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Opinion I No guilt parenting

Having a strong identity outside of being a mother goes on to strengthen one's identity as a mother

I feel no guilt about making my work a priority.
I feel no guilt about making my work a priority. (Istockphoto)

I am going to take the kids to the park," I announce.

From that point, it takes about 45 minutes to corral my two children out and into the car—hands need to be washed, faces wiped, diapers and clothes changed, sunscreen applied, socks and shoes worn. By the time we are finally ready, one of them needs a snack, one needs to go to the bathroom, or they are both shouting and crying over a piece of Duplo.

We reset and try again. This time it takes only 30 minutes to get ready because the sunscreen is already on and their faces are clean enough.

Diksha Basu
Diksha Basu

After the next interruption—this time because one of them needs to squat and use her magnifying glass to carefully study an ant she found—it’s down to barely 10 minutes to put the shoes back on and get us out of the door.

For someone remarkably impatient when it comes to just about everything, I’m remarkably patient when it comes to my children.

I often wonder why that is.

One theory I have is that I never wanted children until I did and that was, conveniently, at a point in my life and career when it made sense for me to have them.

Of course, in a way it never makes sense to have children—in theory, having children is complete madness that changes your life in inconceivable ways. In practice, having children is a complete delight that changes your life in inconceivable ways.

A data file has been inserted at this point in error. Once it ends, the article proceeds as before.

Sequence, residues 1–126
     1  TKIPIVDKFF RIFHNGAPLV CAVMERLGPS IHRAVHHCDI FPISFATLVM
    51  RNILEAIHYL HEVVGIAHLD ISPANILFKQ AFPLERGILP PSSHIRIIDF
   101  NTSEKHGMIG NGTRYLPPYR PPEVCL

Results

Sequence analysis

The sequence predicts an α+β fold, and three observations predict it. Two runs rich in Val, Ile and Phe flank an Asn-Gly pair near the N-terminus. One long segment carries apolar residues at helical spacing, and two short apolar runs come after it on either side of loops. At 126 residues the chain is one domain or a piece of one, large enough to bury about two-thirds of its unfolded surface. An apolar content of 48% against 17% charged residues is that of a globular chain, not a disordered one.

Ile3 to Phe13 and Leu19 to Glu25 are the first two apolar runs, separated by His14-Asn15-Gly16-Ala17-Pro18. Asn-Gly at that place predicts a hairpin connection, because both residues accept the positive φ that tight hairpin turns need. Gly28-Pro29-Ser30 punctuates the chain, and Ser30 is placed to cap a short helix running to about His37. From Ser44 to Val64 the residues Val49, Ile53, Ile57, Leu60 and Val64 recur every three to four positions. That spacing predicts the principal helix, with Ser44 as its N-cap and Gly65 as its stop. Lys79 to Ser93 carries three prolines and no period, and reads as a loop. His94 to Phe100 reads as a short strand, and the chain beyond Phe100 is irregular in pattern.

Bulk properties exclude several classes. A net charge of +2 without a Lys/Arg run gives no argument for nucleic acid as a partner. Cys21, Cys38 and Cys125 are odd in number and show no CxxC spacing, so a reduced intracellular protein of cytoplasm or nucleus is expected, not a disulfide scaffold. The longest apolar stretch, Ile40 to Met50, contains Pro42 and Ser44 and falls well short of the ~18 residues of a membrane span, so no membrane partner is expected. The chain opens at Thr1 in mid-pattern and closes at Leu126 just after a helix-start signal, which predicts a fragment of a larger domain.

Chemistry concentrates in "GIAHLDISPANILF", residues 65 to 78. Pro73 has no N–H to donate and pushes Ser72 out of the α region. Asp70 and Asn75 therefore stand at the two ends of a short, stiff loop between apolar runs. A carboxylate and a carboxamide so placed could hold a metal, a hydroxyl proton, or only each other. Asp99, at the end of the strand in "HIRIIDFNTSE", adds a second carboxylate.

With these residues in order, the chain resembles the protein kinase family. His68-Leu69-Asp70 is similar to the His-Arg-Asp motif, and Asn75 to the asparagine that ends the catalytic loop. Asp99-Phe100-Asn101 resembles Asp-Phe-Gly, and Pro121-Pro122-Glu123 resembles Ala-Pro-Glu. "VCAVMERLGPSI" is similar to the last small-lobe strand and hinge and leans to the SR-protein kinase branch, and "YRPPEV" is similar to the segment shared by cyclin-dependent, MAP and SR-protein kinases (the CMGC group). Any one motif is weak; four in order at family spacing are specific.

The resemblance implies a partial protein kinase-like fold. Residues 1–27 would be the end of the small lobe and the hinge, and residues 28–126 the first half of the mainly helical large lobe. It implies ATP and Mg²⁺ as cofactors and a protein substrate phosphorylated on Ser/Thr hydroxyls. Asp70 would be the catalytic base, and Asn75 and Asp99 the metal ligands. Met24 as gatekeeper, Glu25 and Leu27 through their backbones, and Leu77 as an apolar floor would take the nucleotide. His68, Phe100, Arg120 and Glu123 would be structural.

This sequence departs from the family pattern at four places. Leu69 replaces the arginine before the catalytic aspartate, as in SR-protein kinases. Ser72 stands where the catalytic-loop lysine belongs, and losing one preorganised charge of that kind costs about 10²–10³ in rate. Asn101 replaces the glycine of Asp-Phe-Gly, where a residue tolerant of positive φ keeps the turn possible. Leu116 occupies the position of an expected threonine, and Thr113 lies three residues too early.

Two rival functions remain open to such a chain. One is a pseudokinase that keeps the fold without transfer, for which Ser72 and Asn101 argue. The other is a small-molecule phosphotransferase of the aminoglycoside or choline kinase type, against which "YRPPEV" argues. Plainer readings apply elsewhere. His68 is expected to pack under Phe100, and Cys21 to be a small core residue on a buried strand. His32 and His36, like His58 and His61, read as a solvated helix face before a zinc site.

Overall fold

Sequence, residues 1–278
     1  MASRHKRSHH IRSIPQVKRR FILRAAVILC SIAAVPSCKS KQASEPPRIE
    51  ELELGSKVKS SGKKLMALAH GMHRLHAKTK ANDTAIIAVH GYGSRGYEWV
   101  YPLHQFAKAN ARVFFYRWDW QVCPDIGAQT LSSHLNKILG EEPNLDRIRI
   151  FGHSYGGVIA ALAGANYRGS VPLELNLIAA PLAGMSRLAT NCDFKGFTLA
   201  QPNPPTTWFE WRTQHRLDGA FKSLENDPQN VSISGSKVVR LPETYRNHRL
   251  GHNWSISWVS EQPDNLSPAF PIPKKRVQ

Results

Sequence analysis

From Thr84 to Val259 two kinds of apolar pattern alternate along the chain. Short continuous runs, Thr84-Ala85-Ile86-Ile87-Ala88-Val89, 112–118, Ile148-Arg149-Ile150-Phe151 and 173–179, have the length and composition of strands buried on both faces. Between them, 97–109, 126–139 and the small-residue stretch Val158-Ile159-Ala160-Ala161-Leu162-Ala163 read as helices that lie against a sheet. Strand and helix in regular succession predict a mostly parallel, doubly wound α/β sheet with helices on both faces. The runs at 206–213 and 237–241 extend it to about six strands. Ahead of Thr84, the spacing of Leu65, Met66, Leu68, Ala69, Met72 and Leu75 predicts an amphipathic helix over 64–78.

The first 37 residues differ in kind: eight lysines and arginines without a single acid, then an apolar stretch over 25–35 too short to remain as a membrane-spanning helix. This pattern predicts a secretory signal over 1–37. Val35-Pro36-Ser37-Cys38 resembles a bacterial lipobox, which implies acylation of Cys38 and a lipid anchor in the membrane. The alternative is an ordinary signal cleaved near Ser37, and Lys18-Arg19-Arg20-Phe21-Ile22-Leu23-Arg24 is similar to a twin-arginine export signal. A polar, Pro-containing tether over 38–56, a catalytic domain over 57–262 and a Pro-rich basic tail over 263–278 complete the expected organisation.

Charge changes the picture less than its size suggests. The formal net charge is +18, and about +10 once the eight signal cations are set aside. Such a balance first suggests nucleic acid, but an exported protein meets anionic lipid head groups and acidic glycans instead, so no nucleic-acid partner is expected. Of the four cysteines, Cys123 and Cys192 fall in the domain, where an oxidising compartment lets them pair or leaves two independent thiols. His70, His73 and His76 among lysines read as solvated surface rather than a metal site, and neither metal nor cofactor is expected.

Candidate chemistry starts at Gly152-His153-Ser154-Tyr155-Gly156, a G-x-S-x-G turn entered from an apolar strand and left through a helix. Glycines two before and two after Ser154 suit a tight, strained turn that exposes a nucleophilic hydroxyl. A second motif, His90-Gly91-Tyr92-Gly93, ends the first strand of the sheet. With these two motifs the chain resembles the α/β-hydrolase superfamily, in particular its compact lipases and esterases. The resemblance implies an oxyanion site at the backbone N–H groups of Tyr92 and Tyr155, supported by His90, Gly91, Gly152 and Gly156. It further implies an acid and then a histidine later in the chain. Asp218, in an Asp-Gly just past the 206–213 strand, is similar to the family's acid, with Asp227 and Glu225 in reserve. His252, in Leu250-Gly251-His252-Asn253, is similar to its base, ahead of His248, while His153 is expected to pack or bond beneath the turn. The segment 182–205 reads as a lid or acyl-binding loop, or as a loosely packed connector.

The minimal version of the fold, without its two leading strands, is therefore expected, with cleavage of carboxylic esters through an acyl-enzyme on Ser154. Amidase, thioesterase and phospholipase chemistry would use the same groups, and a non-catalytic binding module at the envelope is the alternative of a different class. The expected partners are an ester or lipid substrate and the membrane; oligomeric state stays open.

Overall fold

I had almost no experience with children until I had my own, which means I am constantly in awe of their every move. Sure, little ones, take 10 minutes to figure out how to put on your sandals because I can see you thinking and learning and processing which one goes on which foot. Did you just mutter something about your left foot? How did you learn what your left foot is? Magnificent. Genius. Brilliant. I watch and I wait, looking at their little toes wiggling into place.

I hope my constant awe and amazement helps them develop confident (or even overconfident) personalities, unafraid to take risks, and ready to tackle the world. The vanity that they are no doubt developing—well, boys have been getting lauded for generations, our daughters could use a little vanity.

My other theory is that I am patient because I am selfish. I mother like fathers traditionally do. When I am done marvelling at my children, when I need to return to my desk and my work, I do so.

“Please leave me alone, I’m working," is one of the best things I say as a parent.

I am often asked how I manage to write while having two small children. People love a story of women’s guilt overcome—claims that I write before dawn or late at night, sitting on the floor of a dark room while my children sleep next to me.

But the reality is that I write like it’s my job because it is my job. I sit down at my desk and shoo them away and tell them their mother’s working because that’s what mothers do.

In normal times, I could do this because we are privileged enough to have good childcare. But in covid-19 times, we’re on our own and that means my husband and I trade off on work hours. If we both need to work, we’ve figured out a simple way to handle the children—we ignore them. I’ve set up a desk in the corner of their playroom so I can watch for fights getting heated or curtains being climbed but other than that I keep my headphones on and back turned. Between you and me, my headphones are never actually playing music and I am listening to them while I work —but they don’t know that.

I feel no guilt about making my work a priority because it makes me a better mother. When I finish working, when I finish living inside my mind and the world of letters, I emerge rejuvenated (or sometimes disheartened and depressed and that’s when I need my family most of all). I emerge ready to get down on the floor and build fire trucks and draw spiders and take three tries to get them ready to go to the park.

Having a strong identity outside of being a mother strengthens my identity as a mother.

And when my parenting patience fails me anyway, there’s always wine. Then I reset and try again.

Diksha Basu is the author of The Windfall (Bloomsbury). Her new book, Destination Wedding (Bloomsbury), will be out on 28 July.

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